LOVE Embraces All The Wounded

I’m about halfway through the audio version of Roxanne Gay’s memoir Hunger, in which the activist writes about her relationship with her body, her experience of weighing more than 500 pounds, and the sexual assault that led to her lifetime of overeating. It is a wrenching story that I am experiencing even more intensely because the author reads it herself. I ache for her as she describes her loneliness and shame. I hear her wanting so badly to fit in, trying so hard to be good so she can belong and not disappoint the people who love her.

I just finished her description of going to the gym, in which she alludes to the idea that the gym is for people who are already thin. She knows the idea is absurd, but the feeling is real. I recognize that feeling of not-belonging in a place where everyone else seems to have it together. And I recognize this theme from Father Clay: God’s love is for everyone, and that we can all belong with God, just as we are. That in real love, acceptance of a person comes before and without condition of any kind of change.

This post is inspired by Roxanne Gay, as well as by a blog reader who sent me this line from the gospel of John, noting that Father Clay would have appreciated it:

John 4:7-8 “Beloved, let us love one another, because love is of God; everyone who loves is begotten by God and knows God. Whoever is without love does not know God, for God is love.”

I so appreciate Father Clay’s commitment to an unjudging, always-accepting love. This love doesn’t look away from or enable the bad parts of us, but it also doesn’t require us to fix ourselves before it welcomes us in or to change as a condition of staying. I think that’s healing, and the more we shine that healing love on others, the more we can accept it for ourselves, too.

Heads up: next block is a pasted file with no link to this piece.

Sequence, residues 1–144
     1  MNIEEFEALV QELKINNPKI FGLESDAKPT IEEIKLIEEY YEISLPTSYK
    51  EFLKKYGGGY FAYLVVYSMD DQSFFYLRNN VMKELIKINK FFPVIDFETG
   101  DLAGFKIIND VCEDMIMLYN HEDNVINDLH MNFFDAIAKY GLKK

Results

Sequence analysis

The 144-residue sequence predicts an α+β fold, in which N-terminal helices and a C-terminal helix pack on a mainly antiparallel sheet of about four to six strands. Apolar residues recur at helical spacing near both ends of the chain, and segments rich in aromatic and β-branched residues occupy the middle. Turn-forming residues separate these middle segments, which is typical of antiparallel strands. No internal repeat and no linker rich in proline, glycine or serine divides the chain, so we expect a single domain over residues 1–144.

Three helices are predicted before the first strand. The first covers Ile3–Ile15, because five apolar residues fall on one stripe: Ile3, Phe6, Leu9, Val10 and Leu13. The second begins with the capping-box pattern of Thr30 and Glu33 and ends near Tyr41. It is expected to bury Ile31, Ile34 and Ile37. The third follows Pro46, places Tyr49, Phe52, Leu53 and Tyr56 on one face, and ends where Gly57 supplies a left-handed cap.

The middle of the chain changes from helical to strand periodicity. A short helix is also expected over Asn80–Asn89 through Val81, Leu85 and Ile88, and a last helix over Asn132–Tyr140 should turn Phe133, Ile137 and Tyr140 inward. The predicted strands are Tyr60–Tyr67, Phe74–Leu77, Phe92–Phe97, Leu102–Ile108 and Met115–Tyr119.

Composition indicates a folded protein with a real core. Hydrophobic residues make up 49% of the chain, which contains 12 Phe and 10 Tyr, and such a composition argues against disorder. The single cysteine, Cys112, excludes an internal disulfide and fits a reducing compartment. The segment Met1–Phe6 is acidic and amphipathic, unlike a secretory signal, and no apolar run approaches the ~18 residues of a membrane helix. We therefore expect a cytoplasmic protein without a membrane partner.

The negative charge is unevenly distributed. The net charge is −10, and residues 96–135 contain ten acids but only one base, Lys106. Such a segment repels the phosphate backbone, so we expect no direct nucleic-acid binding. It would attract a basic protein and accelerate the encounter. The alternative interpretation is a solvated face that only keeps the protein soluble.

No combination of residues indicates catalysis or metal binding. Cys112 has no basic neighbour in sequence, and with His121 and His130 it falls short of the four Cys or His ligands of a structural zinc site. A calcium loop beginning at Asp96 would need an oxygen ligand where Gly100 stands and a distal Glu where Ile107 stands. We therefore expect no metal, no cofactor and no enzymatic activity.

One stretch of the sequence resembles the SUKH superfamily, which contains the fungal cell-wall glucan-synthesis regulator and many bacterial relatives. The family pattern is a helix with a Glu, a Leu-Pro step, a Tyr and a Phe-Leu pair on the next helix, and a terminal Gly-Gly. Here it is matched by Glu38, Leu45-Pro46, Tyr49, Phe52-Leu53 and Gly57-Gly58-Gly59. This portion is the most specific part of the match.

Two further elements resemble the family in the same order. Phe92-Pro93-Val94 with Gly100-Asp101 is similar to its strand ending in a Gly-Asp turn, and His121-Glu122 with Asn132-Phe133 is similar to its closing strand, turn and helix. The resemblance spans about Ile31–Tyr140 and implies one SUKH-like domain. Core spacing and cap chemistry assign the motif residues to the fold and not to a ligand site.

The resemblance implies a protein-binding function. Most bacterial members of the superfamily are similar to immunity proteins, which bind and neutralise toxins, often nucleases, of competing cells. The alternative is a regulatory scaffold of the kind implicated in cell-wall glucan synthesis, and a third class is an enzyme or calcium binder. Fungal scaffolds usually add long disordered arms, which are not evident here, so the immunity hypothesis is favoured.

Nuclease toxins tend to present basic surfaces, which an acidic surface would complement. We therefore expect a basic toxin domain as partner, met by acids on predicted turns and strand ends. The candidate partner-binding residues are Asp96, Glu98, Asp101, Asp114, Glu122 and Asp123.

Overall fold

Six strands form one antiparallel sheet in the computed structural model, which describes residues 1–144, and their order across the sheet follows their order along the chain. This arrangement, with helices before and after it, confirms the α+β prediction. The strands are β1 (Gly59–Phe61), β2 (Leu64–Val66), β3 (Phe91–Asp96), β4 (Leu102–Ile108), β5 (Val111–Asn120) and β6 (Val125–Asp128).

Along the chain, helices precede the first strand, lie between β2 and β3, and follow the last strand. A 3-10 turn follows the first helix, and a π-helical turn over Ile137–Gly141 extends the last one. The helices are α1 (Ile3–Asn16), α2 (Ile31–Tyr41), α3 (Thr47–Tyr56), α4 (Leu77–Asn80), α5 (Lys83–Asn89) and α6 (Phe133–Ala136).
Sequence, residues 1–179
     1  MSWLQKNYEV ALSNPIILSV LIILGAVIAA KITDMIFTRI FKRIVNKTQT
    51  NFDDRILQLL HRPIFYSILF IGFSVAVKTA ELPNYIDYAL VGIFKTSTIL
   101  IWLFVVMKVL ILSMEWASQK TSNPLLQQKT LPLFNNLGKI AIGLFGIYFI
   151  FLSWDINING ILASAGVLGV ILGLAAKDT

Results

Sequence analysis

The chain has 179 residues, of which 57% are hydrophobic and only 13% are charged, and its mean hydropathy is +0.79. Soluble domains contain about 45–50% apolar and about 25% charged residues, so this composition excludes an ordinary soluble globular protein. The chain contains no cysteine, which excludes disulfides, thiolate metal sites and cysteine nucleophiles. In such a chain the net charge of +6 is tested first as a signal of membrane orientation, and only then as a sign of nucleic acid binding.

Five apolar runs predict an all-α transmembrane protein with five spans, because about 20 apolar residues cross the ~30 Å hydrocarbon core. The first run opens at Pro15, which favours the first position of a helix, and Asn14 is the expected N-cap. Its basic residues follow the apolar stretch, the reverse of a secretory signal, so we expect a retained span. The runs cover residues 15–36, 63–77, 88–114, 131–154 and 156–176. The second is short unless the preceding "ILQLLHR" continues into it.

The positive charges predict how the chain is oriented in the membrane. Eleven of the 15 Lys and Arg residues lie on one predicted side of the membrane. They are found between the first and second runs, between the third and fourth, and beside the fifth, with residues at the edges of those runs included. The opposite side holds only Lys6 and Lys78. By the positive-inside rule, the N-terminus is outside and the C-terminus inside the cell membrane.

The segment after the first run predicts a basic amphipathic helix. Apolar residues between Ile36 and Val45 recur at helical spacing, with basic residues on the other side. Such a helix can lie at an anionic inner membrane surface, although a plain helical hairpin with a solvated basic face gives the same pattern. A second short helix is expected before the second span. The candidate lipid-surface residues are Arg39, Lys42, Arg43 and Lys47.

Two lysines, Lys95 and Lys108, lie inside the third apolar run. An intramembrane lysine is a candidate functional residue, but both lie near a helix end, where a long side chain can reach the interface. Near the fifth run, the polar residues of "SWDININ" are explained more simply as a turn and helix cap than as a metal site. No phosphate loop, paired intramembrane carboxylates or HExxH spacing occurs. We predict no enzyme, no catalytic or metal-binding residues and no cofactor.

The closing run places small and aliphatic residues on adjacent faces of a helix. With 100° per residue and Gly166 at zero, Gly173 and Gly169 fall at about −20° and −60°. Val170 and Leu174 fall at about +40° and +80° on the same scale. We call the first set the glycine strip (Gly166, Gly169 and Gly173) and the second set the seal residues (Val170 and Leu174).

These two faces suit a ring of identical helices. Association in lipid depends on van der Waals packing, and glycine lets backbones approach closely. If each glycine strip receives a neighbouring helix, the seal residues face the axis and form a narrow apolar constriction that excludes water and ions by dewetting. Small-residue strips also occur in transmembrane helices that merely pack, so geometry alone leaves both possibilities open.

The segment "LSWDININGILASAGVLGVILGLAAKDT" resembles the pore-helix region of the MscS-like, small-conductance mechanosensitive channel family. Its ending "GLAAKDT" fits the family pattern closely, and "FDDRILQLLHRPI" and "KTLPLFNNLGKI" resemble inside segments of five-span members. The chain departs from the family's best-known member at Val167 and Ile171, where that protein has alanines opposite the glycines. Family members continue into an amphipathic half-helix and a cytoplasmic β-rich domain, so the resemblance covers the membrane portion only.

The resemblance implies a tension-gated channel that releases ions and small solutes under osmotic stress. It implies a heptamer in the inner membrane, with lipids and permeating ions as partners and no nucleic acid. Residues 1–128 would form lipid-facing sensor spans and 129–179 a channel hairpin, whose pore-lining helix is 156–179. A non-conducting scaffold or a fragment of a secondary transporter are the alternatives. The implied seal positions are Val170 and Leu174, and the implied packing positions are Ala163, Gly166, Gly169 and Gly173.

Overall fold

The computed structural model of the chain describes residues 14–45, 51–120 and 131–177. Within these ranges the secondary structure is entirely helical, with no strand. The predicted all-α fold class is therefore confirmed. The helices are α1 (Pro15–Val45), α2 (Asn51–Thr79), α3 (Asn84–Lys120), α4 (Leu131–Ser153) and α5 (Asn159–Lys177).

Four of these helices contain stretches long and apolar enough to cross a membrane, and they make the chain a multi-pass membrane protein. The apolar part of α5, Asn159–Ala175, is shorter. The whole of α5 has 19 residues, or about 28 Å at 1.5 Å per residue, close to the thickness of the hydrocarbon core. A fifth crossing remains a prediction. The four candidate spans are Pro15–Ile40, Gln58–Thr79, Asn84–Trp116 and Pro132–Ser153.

Love

What is the mission that Jesus gave to his followers? To spread the gospel to all nations. That gospel is the Good News that LOVE is really a savior who embraces all who are wounded. The wounds may be physical, mental, emotional, or spiritual. The two deep wounds are sin and death. The Good News is that LOVE is the healer of these wounds. LOVE is for us.

We are called as the people of LOVE to allow LOVE to work through us to heal those wounds. LOVE works and keeps working primarily through Jesus, but we are called to be coworkers in that mission.

I would like to focus on our being healers of the spiritual wound we call sin. Jesus drew the tax collectors and sinners to him, so an essential part of our mission to become a healer of sin is to acknowledge that we sin, to be grateful for what merciful healing we have received, and to realize that the merciful healing was a free and undeserved gift. Further, we need to recognize that we are continually in need of that merciful healing forgiveness.

Next, we don’t demand that people repent before we minister to them. Change of mind and heart is crucial, of course, but we love and accept them wherever they are in their journey. We are called to love them into that change. LOVE works through our love.

What do I mean by love and acceptance? I mean loving people with empathy – feeling the distress that they are feeling, not blaming or chastising or seeing them as less than ourselves. Also, we help them to see the goodness that underlies their sins and to know that they are being held, loved, and cherished by LOVE who understands them.

I think that sometimes we make the mistake of demanding that people change before they are accepted. I believe that people need to be as they are and to realize that they are seen as they are and loved as they are. We all need to be loved into changing.

Pope Francis reminds us that church is a hospital for sinners. Our hospitals don’t demand that we get well first and then be admitted. That would be very strange. Thinking of church as a hospital for sinners may call us to a new way of thinking and feeling.

I do believe that it is incumbent upon us to ponder this thought and allow LOVE to work in us. In the hospital for sinners both the doctors and the patients are ill. I think that if church were a home for the righteous, no one of us would qualify to belong.

Smile,

God Loves You

Father Clay

PS LOVE gives birth to the world. LOVE loves the world. LOVE is in the world. LOVE is in humanity. LOVE lives in each one of us. LOVE within us is the power to transform the world. LOVE draws everything finally into LOVE.

From the letter, “LOVE: Faith, Hope, Love” in Mysterious Love by Father John Clay © 2015

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